Anyway, 2017 was, on the whole, a very different kind of year, when I took every kind of step I could think of to get out of the damn game for once and for all. It was terrible and wonderful but by September I was again feeling pretty dreadful. So I was Googling for help with this. The articles said ‘Re-write Your Life’, and suggested journalling (I decided to take up 20 mins free writing a day, ended with listing three things I’m grateful for), writing letters to your younger self, or re-writing scenes from your life you wish had played out differently, changing the endings to a better resolution. Right then I felt that all my life could do with re-writing. So – why not? But instead of re-writing all the awful things and making them turn out differently, why not write a new life history in which only good things happened to me and I was always happy? I would write down the true story of my life, only the best bits. Ignore anything sad, painful, difficult, unless it was so essential to my later happiness or personal development that it had to be mentioned. But only a mention – no tragical details! I knew, as a rational being, who has led an amazing and privileged life, that I had good memories in there. But through lack of use, the paths leading into those happy meadows of memory were harder to access. I had to trace them back like an explorer. Deep in that first depths of night/morning, I started out with the very earliest good memories. They are things I think I remember because there are photos, or because people have talked to me about when I was a baby. But I seem to recall glimpses of sunshine, green leaves, happiness. I slowly and deliberately followed the path of all the happy memories back from there. I wandered along every loop and spur of that path, trying to access people I’d forgotten, tastes and smells, sensations of childhood, good things like chasing each other with armfuls of fallen leaves every autumn in Epping Forest and celebrating the strong, independent, individual person that growing up made me. I don’t mention the ways in which growing up made me more like that. But I am proud of those aspects of my character, and they grew stronger in those years. I wrote up until about the age of 11, and then I fell asleep.
In the morning, I woke up into natural sunlight. Not the underworld light that I was used to. It felt as if some great beast had overslept, not woken up when I did, and I crept around all that day, enjoying the sunlight, space and fresh air, but not mentioning it or thinking about it too much in case my attention woke up the snake and I was whooshed away underground again. The next day – sunny again. A miracle of some kind had occurred and I was out from under the ground, the shadow, the enchantment! Can it be that re-writing my life is so powerful a tool? Perhaps it’s the combination of that with the journalling, and my powerful desire to change. I haven’t finished the life story yet. I write it in chunks when I feel inspired to – 5 years or so at a time, or a discrete-feeling period of time in my life -when I feel low. It always makes me feel better again. It’s a ladder. The rungs are all the things that I remember as good, uplifting or pleasurable, even small-seeming things like a tree I used to walk past on my way home. I don’t worry about how boring it is to read: ‘… and then I went to live in so-and-so, and I met a really nice woman called —— who I got on with and we made each other laugh, and then I went to such-and-such a place and enjoyed myself’. It’s not about producing a great literary work. It’s just meandering through all the good times, like looking through an old photo album of memories you haven’t seen in years.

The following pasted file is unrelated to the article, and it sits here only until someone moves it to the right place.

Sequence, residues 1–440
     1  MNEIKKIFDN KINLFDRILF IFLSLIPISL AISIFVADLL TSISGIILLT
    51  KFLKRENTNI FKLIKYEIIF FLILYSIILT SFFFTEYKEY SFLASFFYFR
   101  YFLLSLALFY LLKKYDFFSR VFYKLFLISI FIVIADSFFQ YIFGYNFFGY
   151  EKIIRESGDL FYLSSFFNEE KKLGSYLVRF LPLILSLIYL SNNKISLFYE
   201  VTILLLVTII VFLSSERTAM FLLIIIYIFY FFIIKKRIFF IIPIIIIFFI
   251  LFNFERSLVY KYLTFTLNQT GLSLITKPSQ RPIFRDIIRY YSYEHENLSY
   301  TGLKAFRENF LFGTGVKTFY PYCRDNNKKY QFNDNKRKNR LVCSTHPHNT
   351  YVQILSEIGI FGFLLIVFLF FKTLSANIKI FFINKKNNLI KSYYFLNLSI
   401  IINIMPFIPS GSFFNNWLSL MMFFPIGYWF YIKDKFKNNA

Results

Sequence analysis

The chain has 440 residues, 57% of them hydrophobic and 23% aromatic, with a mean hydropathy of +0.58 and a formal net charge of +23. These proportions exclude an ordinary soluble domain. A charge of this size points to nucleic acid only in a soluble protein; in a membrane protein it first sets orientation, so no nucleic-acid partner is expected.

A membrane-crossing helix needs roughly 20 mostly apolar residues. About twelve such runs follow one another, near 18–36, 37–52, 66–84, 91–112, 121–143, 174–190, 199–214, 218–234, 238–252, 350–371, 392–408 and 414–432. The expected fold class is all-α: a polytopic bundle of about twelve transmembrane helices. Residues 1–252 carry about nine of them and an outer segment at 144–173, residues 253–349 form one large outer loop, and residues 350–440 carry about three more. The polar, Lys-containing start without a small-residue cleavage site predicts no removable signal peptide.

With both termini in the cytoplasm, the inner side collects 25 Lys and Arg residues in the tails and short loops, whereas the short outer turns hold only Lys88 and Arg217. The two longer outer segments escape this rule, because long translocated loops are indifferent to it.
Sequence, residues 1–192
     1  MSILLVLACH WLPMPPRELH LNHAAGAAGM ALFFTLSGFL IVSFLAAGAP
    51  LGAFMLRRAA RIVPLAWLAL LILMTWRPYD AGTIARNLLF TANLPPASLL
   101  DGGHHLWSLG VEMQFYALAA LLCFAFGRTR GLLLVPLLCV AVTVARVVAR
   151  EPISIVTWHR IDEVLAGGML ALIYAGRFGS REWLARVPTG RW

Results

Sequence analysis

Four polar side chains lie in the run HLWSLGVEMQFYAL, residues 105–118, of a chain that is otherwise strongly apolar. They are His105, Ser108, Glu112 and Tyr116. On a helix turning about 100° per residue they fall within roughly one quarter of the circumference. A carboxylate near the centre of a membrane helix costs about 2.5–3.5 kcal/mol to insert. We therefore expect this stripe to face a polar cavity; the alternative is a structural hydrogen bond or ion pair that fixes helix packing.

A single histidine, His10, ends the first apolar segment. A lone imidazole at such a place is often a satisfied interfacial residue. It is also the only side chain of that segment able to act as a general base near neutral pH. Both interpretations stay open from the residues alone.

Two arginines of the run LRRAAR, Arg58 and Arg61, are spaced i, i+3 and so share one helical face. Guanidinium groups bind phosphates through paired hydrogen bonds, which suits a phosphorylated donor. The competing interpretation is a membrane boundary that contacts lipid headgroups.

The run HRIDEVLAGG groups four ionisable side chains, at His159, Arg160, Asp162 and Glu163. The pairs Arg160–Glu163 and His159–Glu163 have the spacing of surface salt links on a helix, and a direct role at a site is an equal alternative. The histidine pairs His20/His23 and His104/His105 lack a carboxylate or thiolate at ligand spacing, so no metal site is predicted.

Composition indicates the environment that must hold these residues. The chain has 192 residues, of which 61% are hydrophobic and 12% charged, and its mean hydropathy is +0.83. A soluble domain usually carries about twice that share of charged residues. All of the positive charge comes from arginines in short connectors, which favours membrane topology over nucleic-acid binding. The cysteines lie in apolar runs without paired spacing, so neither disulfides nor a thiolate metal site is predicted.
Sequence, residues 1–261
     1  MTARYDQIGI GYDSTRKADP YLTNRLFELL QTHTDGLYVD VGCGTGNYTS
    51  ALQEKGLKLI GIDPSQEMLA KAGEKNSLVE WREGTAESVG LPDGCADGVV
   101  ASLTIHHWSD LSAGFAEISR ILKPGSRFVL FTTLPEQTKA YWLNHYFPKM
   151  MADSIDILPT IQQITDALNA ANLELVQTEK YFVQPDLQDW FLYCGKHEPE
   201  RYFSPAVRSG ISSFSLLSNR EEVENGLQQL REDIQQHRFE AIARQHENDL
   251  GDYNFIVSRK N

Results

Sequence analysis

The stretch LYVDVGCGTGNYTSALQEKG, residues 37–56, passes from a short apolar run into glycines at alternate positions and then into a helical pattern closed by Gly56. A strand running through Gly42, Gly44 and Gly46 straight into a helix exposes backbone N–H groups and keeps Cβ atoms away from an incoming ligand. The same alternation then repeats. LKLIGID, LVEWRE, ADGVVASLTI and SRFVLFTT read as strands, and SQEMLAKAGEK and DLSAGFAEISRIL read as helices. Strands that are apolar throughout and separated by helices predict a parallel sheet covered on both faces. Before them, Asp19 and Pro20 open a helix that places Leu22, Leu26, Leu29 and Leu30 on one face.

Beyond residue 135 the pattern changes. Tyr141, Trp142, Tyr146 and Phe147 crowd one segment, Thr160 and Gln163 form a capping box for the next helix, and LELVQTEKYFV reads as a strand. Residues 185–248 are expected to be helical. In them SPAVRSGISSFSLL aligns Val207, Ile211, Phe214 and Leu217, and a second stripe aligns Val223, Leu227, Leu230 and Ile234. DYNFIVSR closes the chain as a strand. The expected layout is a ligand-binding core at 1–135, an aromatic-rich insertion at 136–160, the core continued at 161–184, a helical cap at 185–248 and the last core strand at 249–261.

I don’t promise that this will work for anyone else. I think it’s a really interesting thing to try, though, and it will bring you pleasure if you stick to the rules and do not even look at the snakes sleeping alongside the path. I hope that these new paths will become the neural superhighways of my future brain – the routes I always take, automatically, through my own thoughts.